We were fortunate then in our forbearers’ example. The Spaniards recognized the importance of claiming not land but water. They also recognized that although cattle could graze effortlessly between water holes using the land with little trouble, other uses could be engaged in without interfering with the life of the cow and the economics of the cowboy. Where else in the world could one man own the use of water and forage for his cattle in the size and scope of Rhode Island and still leave the land open for other uses. Spanish land law gave property to the person who could put the land to use, without closing the land from others. In my country (Nevada) we ranged our cattle under the full protection of state law while another could mine the rich ore like gold or silver from the soil and the others still could enjoy annual wildlife hunts and recreation in the same parcel. All this existed because the state defined property without giving one user full title to the land. Full title was instead given in the water. The eastern model of title is a piece of property that has the right of exclusion to anyone else from the sky to the center of the earth with the minor exceptions of utility easements and ‘right of ways’ over the surface. We in the west have this traditional form as well, but most of the vast desert was claimed by the water. We used the model of the prior appropriation use, and we intentionally left the land open to be settled further in any other statutorily defined and accepted use.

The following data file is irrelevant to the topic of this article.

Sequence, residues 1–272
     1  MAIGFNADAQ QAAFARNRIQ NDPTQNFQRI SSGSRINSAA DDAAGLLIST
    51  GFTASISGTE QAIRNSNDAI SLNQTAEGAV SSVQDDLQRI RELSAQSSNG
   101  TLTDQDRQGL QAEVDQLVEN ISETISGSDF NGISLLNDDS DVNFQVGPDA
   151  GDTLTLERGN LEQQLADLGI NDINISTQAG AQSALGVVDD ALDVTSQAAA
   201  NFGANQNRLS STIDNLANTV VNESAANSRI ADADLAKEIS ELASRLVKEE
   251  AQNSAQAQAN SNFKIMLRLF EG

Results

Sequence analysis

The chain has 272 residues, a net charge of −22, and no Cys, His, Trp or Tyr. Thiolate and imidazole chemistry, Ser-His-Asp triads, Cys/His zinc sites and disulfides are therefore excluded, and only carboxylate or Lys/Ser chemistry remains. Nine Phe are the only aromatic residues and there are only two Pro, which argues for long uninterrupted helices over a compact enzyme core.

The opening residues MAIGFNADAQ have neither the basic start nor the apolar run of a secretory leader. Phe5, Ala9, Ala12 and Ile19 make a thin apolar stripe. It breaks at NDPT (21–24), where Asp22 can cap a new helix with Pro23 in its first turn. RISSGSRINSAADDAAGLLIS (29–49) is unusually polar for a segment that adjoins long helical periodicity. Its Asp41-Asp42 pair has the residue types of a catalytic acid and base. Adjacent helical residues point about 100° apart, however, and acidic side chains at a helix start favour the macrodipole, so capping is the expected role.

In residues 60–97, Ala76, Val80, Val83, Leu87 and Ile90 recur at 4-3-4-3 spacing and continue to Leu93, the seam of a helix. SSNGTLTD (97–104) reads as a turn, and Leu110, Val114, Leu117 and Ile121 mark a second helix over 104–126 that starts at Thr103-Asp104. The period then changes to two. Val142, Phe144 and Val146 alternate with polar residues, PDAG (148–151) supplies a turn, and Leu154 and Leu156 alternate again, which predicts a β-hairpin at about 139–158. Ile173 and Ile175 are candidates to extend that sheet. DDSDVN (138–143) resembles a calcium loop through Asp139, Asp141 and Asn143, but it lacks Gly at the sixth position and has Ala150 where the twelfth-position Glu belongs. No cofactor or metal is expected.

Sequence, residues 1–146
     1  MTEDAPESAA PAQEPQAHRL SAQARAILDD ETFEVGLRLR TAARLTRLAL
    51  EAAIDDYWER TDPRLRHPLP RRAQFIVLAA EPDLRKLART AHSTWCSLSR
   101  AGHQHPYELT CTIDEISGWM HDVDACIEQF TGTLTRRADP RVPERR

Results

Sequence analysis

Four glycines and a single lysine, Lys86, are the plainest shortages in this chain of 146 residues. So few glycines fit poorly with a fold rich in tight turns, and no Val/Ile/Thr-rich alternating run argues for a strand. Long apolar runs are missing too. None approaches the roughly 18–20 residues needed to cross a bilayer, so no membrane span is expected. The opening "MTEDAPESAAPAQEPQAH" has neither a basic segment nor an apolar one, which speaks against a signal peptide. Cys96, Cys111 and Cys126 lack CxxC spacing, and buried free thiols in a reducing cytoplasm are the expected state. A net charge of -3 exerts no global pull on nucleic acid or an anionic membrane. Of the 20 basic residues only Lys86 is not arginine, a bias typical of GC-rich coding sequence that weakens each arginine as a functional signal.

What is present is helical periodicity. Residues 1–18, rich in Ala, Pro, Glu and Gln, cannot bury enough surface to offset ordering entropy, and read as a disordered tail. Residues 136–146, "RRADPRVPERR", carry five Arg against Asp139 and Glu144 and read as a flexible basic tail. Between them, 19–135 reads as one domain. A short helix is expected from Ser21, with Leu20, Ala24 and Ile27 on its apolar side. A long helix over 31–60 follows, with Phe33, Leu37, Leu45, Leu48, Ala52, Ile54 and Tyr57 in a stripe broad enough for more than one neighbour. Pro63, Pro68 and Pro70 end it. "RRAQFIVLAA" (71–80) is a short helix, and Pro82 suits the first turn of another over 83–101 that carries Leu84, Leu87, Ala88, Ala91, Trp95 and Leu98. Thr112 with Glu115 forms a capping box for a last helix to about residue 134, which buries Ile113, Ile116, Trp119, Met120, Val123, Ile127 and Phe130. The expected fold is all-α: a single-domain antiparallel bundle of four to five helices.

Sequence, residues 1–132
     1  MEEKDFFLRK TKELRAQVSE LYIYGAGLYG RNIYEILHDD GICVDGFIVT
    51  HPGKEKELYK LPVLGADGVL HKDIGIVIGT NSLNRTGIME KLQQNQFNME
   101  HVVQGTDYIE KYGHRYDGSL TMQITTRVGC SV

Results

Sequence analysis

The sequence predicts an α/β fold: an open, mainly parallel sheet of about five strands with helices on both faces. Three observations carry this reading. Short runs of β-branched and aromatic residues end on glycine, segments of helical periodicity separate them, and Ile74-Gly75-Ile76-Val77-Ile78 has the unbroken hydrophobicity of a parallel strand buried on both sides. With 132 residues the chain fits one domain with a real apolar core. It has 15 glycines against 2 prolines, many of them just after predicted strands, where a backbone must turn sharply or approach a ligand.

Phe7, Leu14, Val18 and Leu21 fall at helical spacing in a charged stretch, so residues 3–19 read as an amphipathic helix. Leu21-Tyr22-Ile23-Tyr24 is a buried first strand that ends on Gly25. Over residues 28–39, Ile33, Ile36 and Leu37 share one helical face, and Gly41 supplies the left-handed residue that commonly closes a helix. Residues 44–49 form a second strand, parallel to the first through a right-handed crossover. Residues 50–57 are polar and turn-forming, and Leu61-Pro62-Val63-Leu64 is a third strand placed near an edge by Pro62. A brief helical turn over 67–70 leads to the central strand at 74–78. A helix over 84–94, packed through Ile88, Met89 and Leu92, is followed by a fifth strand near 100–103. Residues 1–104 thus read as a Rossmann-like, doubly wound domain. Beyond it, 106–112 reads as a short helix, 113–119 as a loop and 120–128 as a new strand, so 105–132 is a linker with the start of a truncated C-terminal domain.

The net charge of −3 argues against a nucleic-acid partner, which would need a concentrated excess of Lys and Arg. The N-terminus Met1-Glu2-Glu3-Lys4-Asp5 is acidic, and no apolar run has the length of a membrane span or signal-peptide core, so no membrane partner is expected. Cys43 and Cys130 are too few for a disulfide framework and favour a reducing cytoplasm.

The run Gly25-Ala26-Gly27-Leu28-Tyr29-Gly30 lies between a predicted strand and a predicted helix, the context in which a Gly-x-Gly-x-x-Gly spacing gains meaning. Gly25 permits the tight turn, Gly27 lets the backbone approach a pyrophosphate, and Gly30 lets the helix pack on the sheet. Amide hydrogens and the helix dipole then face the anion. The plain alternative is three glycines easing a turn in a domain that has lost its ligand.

It is unfortunate that the eastern politicians and opportunists did not respect this custom. From almost the first ratification of western land laws in Congress there was an eager endeavor to extricate the user from the land and insert federal power in its place. We accepted the passage of the Forest Reserves Act and the Taylor Grazing Act with the understanding that our rights would be upheld with the inserted caveat that recognized our prior existing rights. We defined and insisted in our State statues the submission of federal agencies to State Law and State Jurisdiction. These were all rights proven in the courts and accepted even by the Federal Government in laws such as the Act of July 26, 1866. We became states with the acknowledgement that full title on the desert lands did not transfer, but all prior appropriated rights (separated from the public domain), were acknowledged. This was done in full faith that the federal government would concede their remaining possession to be in reality a miniscule percentage of the vast open range lands and forests, and would continue to encourage disposal in a multi-user approach on the land. In fact, with all the power in the water, and the water protected by the states, westerners did not think there was much the federal government could do. We were wrong.